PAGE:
TL: My comrade, Nguyet Lam, and I co-founded the organization in 2005. Nguyet, like me, is Vietnamese and African American (aka Black Amerasian); but unlike me, grew up in Vietnam with her birth family. We created AABB because we recognized the discrimination Amerasians still face in Vietnam. In an effort to address that reality, AABB provides small educational and business loans to Amerasians in Vietnam, as well as family strengthening and pathways to citizenship classes for Amerasians in the Washington, DC region. In 2010, AABB expanded its mission to include resources for members of the adoption and foster care constellations, specifically in the area of nurturing healthy forms of identity(ies) within transethnic/transracial adoptees, our families and the communities in which we live. Read More

Taking full advantage of every opportunity offered by Holt’s legacy partner in Pune, India, one hard-working mother pursues a better life for herself and her children.

Ms. Mangel Mhaske knew she had to do something. She had three children in elementary school and no way would she allow for any one of them to drop out. Although her husband earned some money taking cooking orders and driving a rickshaw, he was a regular drinker — and irregular at work. And besides, the income he earned was never enough to ensure they could pay their children’s school fees. It was hard enough just to keep them fed.

So Ms. Mhaske got resourceful. She knew how to sew, and she could afford to invest a few rupees in some new quilting fabric. For stuffing, she collected used clothing from friends and neighbors, and she began to hand-stitch quilts to sell for a small profit. This small business earned the family a little extra income.

But still, it was never enough.

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After 37 years of celebrating her adoption day with her family, Holt adoptee Leh Beal-Cook decided she didn’t want any presents. Instead, she sent a gift to Holt International in hopes that another child will be able to have a loving family of his or her own.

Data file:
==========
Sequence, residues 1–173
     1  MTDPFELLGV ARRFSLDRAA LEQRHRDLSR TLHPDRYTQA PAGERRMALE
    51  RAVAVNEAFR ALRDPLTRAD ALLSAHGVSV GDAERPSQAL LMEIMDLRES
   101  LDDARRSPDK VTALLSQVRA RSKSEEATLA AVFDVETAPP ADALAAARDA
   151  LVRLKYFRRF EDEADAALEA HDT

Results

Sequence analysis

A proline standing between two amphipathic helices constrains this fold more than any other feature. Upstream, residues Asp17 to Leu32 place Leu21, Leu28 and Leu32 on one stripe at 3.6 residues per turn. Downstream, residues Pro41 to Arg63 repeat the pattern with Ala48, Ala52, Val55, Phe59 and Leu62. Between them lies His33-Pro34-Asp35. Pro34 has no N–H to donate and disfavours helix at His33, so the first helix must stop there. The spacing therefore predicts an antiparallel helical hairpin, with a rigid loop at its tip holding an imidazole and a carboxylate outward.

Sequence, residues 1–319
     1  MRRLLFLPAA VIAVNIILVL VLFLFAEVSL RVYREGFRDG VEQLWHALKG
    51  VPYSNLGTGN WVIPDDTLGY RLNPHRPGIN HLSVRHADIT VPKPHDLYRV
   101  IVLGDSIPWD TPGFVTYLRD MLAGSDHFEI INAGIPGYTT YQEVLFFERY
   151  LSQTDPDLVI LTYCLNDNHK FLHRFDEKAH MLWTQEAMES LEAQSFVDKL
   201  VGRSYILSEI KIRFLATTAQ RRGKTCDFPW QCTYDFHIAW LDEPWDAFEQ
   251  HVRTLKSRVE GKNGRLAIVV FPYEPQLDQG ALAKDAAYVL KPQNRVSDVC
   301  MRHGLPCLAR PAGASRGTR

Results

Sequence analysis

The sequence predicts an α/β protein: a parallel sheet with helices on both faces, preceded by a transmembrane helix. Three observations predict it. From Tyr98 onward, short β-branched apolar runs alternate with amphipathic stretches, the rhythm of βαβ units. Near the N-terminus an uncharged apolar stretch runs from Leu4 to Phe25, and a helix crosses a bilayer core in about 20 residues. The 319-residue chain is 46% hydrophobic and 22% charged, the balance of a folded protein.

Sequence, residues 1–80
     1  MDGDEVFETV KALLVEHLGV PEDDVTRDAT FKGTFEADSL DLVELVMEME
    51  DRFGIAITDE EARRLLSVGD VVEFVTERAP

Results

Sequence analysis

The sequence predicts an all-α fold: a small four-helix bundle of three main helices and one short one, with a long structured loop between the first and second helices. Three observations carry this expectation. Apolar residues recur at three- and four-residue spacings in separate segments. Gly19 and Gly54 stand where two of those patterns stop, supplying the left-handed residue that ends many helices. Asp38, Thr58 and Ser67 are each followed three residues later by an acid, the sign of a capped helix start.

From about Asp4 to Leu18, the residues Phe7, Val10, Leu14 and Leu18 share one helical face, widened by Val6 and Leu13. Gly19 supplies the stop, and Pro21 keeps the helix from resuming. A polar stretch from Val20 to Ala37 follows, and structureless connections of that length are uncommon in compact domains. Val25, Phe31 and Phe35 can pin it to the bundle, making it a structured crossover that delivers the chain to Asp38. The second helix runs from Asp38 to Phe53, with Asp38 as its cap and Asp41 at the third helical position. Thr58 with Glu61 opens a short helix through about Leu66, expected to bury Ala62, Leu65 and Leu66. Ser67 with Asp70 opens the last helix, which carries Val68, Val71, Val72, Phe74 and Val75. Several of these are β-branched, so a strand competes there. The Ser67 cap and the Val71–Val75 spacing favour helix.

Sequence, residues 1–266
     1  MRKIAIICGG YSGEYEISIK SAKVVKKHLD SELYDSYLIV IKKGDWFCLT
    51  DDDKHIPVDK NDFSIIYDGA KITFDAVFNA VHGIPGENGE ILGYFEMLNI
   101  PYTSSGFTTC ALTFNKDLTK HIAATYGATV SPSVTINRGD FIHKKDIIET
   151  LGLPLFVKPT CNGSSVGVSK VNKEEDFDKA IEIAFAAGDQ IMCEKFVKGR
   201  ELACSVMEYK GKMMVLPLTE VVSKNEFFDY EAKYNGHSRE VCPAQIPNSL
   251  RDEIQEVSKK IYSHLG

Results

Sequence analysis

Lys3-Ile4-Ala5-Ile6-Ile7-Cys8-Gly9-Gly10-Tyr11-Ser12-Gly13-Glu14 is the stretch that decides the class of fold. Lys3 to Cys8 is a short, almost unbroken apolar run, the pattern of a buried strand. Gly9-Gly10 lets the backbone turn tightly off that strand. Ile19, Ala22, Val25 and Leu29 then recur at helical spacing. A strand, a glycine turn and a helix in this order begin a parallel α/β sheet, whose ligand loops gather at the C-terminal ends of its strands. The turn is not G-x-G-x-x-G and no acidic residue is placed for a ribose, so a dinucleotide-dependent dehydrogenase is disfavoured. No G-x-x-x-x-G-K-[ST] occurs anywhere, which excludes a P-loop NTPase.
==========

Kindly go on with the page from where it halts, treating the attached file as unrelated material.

LehWhen I was twenty-one months old, I flew to Chicago to meet my adopted parents. My “adoption day” is a celebration my parents have for me every year, filled with a present, card, stories, cake and a meal of my choice. Thirty-eight years later and after 37 years of celebrating my adoption day, I decided I didn’t want a gift. I have the gift I may never have had if it weren’t for my adopted parents, a family. As a South Korean girl whose history was not known, I was just a baby Jane Doe. My name and birthdate were probably randomly created. Before I was adopted, I went through three orphanages and two foster homes, but my mom says I was obviously very loved. My grandmother had read about adoptions from Korea and shared it with my parents who were looking to adopt. Even though my parents wanted a baby, they chose me after they saw my picture — thus, my new life began as a Holt adoptee. Read More

Chanunsiri_1Last January, 15-year-old Nissa received an unexpected birthday gift from her sponsor in the U.S… A blue bicycle wrapped in a red Christmas tree garland! It had a matching blue basket and a big banana seat on which her two little brothers could take turns riding behind her.

“My birthday is on January 20 and I have never received a birthday gift,” wrote Nissa in a thank you letter to her sponsor. “This year, I received a gift from you that makes me feel proud and very grateful.” Read More